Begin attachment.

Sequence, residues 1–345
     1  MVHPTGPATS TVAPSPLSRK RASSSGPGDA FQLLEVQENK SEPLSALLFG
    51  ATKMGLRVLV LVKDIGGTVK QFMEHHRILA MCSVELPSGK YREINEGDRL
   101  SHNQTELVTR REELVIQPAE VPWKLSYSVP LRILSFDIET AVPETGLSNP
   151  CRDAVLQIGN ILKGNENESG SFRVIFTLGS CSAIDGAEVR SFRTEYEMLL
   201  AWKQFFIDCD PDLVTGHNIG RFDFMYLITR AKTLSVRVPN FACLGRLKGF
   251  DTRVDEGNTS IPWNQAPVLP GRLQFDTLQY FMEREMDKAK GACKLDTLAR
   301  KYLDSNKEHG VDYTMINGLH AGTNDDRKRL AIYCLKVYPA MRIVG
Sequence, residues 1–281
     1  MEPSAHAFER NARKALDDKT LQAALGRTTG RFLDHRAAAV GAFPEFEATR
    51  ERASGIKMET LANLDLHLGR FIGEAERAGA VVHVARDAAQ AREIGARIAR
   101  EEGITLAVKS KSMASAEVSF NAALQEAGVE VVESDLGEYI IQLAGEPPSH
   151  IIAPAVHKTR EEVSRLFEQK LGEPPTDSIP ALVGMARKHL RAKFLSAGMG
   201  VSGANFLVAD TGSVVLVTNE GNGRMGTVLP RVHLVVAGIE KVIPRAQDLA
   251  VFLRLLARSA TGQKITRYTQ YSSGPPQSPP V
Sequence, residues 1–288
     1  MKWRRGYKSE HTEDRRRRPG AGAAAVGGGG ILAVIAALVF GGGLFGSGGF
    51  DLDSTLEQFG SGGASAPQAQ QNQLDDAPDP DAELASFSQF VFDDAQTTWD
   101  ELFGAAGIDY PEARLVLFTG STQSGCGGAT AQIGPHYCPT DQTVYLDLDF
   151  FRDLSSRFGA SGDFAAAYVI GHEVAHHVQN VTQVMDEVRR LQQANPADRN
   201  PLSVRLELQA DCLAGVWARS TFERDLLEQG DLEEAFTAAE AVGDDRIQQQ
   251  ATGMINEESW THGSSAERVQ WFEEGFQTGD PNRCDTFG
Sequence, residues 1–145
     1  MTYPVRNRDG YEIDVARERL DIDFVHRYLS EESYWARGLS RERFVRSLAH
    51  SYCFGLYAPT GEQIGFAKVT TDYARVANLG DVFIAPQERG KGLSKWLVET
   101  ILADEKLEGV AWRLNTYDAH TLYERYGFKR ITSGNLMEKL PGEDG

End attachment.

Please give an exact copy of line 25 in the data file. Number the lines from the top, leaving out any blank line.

    51  SYCFGLYAPT GEQIGFAKVT TDYARVANLG DVFIAPQERG KGLSKWLVET